Skip to comments.NYT Touts White House Artworks, Misses Obvious Copy, Apparent Fraud (Freeper Breaks the Story)
Posted on 10/08/2009 12:05:05 PM PDT by Atlas Sneezed
Yesterday, the NYT ran a story about the White House acquiring art. It included a slide show of a dozen artworks.
This Freeper took a look and found one abstract work he admired:
"Watusi (Hard Edge)," by Alma Thomas, a longtime Washington resident who is an African-American painter. Photo: Gift of Vincent Melzac/Hirshhorn Museum and Sculpture Garden.
As I admired it, I thought it reminiscent, even derivative of a favorite artwork of mine by Matisse. I recall seeing that one decades ago at the Tate Gallery in London. A giant collage (about ten feet tall) from late in Matisse's life, when his eyesight was failing:
The Snail (L'escargot), by Henri Matisse, Nice-Cimiez, Hotel Regina, [summer 1952-early] 1953, Gouache on paper, cut and pasted, on white paper, 9'4 3/4" x 9' 5" (287 x 288 cm) collection Tate Gallery, London.
I had planned to post them for comparison, and to share my admiration for both. But when I saw them side-by-side, the similarity clarified. I realized that the new one was EXACTLY the same composition as the Matisse, rotated 90 degrees.
Is this fraud? If the new piece has been titled "Homage to Collage" or "Matisse in Blue", I would think the artist wasn't trying to hide the copying. But I wonder whether anyone realized that the artist copied almost every aspect of a famous work to sell her artwork. Perhaps everyone involved knew that this is a re-colored reprint. If not, it seems to be an embarrassment for the "sophisticates" who failed to spot a copy hiding in plain sight.
As too many people say about abstract expressionist art: "Even I could have done THAT!"
in grad school they expect you to put glitter on it.
Where they hire the deaf (they can't hear real Americans protesting), dumb (they fall for every spin and lie of the liberal politicians and talking heads), and blind (they can't tell an original artwork from an obvious copy/fraud - nor a Birth Certificate, either).
I guess you can say they are fully staffed with people who have occupational disabilities.
Good catch, Beelzebubba! A FReeper scores again with another expose.
I agree with you. I wasn’t clear. I think modernism is a reaction to photography. Abstract art became the dominant form with the advance of photography. Artists no longer seemed needed to provide a record for posterity.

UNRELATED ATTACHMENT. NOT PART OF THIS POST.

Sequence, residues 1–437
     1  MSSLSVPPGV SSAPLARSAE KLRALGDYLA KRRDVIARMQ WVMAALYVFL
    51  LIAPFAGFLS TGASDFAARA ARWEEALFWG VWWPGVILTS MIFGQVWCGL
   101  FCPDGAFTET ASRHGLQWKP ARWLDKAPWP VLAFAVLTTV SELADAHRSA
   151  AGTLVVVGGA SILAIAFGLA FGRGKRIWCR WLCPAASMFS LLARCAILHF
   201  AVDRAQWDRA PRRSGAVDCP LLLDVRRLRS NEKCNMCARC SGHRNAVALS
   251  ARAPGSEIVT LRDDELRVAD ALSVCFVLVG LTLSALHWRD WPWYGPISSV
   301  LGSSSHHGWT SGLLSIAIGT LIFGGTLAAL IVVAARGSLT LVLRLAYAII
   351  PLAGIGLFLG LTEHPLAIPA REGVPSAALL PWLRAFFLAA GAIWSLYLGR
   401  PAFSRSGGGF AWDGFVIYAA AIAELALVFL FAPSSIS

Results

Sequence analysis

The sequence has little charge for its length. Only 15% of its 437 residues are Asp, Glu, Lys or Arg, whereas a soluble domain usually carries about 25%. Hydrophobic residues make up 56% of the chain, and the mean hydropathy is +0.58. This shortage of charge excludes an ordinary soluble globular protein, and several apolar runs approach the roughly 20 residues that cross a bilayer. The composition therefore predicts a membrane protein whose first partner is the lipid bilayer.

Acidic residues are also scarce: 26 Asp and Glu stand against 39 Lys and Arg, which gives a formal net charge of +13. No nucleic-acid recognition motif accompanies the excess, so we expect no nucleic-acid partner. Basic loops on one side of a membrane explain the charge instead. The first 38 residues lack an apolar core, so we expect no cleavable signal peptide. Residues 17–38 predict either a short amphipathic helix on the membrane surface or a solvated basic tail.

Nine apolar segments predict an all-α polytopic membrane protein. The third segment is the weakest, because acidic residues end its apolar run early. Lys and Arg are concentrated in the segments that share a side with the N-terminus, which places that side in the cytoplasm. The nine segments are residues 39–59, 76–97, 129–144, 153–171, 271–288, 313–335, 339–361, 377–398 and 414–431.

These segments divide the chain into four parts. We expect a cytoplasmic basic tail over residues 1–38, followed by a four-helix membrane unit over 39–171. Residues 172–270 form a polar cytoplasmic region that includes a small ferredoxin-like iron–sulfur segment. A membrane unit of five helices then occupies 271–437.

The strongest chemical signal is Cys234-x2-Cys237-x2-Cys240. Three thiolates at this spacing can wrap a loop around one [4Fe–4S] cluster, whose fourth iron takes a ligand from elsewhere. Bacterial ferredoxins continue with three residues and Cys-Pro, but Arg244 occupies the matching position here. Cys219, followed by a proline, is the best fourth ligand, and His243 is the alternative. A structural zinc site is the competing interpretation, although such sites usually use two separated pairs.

All I see is a kid with a bottle of glue, a pair of scissors, various construction paper sheets, and a stack of assorted tissue papers.
Easy-peasy fancy art.
Hitler repulses me much more than he could possibly fascinate me. I read Speer’s memoir, that’s about everything I need to know about the Nazis.
The artist knew good art? It’ll be a constant reminder to those in the WH the truth will be told in time.
With the above being said, that doesn’t excuse a wannabe lackatalent old lady from plagarizing a true artist’s original compositions and calling it their own........even if it’s written up in some artsy-fartsy publication.
We approach cisis on many fronts.
If I was going to buy some art, it would be baroque, not broke............
The difference is intent. If she admitted and was open specifically what this came from and why she did it (which by all accounts I can find she did) and there was no attempt to profit from it (which I can't find she did) then I wouldn't call it a rip-off. It would be like me paraphrasing a great statement you made and giving you credit. The intent was not to rip off your statement but to honor or study it.
If someone can show me that she purposefully did this to deceive and tried to hide the source and she attempted or did profit from it, then we can talk about it being a rip-off.
I think you have it backwards...I’d rather see a statement around 1963, in her own words, not someone else’s, where she says it was a “study”.
It’s not so much about the moustache as the larger Nazi art larceny, some of which is still being tracked down to this very day.
I like this one, too:
Without going so far as to pay for the article, it looks like something like you are describing may exist.
Art News from 1968 has a discussion with her about Matisse.